Social CRM: Are You Listening to Your Constituents?
Social CRM is often used by “for profit” organizations to improve business relationships, increase customer retention, and today help employees actively listen via the various social media channels found on the internet; Facebook, LinkedIn, & Twitter etc. In this article, I outline a relatively new “must have” feature of CRM software which could prove to be very valuable to your nonprofit organization; Social Listening.
Social Listening In CRM Software For Nonprofits
Any successful organization must spend time developing relationships with their constituents. They listen and respond to what their customers are saying and they often use a Customer Relationship Management (CRM) tool (Membership Software, Donor Database Software) to manage these relationships.
From my work with nonprofits, I see that many successful non profits are gathering information from online conversations (Social Listening) and sharing this information internally, and in turn they are converting these online prospects into members and donors.
According to analyst firm Gartner, by 2018, one and a half billion people will use social media networks.
This means more customers of successful companies are gathering and conversing on social media about what is important to them, who they want to collaborate with, and where they want to place their hard earned dollar and time. Social media is an important communications outlet for everyone today. However, I see that less than five per cent of the associations and nonprofits I visit with today, use social media effectively as a tool for identifying new members and donors today. Your staff must be able to benefit from these facts and find donor database tools and membership systems which have these social features (or integrate with a best of need solution).
While many nonprofit executives have not embraced the need, many marketing and communication experts at non profits have recognized a need to get closer to relevant online conversations. However, they have yet to figure out a way of combining their CRM tool (Membership Software/Fundraising Database) with social media intelligence tools like HootSuite, Buffer, Awareness Hub or SproutSocial. This is due in large part to the fact that many legacy member or donor systems simply do not have a solution.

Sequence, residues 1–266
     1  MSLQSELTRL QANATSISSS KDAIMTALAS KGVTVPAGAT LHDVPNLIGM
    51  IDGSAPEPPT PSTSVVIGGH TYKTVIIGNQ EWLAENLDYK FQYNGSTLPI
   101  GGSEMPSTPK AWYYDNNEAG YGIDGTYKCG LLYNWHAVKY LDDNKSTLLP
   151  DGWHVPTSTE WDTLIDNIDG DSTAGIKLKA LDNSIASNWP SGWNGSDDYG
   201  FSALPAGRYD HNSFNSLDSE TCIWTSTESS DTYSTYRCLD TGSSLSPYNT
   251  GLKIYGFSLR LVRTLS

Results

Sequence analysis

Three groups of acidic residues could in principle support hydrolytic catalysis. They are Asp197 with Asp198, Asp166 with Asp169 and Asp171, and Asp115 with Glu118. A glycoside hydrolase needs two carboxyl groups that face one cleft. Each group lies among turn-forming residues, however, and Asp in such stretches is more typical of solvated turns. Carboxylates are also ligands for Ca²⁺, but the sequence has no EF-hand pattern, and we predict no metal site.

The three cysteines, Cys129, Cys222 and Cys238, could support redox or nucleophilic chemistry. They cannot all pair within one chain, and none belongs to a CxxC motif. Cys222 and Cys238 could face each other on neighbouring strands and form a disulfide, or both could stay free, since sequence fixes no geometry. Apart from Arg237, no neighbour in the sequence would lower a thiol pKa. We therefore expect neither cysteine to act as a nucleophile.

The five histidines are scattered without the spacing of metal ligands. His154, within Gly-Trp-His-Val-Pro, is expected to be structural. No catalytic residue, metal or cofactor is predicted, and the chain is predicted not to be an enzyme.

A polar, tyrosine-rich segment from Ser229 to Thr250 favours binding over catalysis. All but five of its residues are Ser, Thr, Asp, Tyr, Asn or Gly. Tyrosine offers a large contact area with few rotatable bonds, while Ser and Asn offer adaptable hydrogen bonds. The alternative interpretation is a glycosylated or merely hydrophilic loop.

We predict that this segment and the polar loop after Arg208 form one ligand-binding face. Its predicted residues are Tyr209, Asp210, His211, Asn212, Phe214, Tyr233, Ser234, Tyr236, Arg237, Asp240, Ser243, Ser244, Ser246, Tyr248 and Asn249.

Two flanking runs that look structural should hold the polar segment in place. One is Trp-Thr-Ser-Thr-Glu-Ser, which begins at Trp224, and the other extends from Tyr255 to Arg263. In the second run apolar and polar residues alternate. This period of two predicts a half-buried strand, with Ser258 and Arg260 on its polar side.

What is Social CRM?
First, let me define the term Social CRM. In my mind, Social CRM is a business strategy that enables the forging of richer, deeper and more intimate relationships with constituents and prospects. It takes the valuable customer insight and conversations you may be gathering on social media and member communities, and it layers them on top of emails, sales calls and customer service interactions, which you have stored centrally in your CRM solution.
No doubt it is important for nonprofits to take advantage of social media and use it as a channel for extracting donor insight. By understanding donors’ digital footprints, a nonprofit is able to figure out when and how is the best way to communicate. For example, young donors want to give money, but they want the process to be convenient. Social CRM software consolidates data from the four main categories so both “for profit” and nonprofit organizations can continue to grow their reach and engage their audience effectively and efficiently.
How is Social CRM Different Than Traditional CRM?
CRM (Customer Relationship Management) has been around for a long time now. In short, CRM is a method for managing your constituents, marketing and constituent service interactions with current and future constituents. Typically, this method involves using a technology tool like Salesforce or Microsoft CRM to store information about your constituents in one place.
Social CRM (sometimes features in CRM) is more than simply monitoring what people are saying on social media, and it’s not just about storing social intelligence but other pertinent information too (profile, activity, history). Social CRM is a strategy that combines CRM tools and social media technologies with the workflows and processes of a business. It makes constituent conversations and interactions on social media as much a part of a non profit as more traditional business activities.
The Magnitude of Using Social Intelligence in Nonprofits Today